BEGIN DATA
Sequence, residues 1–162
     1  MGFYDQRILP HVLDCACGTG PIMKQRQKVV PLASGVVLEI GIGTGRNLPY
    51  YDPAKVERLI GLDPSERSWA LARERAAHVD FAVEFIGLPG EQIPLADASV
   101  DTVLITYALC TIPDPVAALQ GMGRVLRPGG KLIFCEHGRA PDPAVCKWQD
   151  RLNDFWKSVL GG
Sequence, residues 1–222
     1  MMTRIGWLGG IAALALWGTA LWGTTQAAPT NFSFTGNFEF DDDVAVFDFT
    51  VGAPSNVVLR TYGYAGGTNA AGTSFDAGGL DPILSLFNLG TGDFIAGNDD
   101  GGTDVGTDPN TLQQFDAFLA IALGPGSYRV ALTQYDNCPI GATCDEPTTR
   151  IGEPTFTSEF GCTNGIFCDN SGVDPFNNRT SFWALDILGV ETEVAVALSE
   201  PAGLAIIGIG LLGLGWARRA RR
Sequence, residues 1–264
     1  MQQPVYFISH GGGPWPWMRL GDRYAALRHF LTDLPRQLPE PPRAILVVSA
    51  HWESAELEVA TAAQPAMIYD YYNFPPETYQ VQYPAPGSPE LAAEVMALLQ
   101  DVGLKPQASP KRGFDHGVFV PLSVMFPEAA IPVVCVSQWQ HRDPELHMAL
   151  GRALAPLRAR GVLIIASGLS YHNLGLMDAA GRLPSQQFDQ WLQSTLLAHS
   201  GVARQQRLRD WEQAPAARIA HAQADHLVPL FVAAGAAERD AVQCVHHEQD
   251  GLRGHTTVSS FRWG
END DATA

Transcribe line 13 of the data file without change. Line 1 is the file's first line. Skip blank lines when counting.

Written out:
     1  MQQPVYFISH GGGPWPWMRL GDRYAALRHF LTDLPRQLPE PPRAILVVSA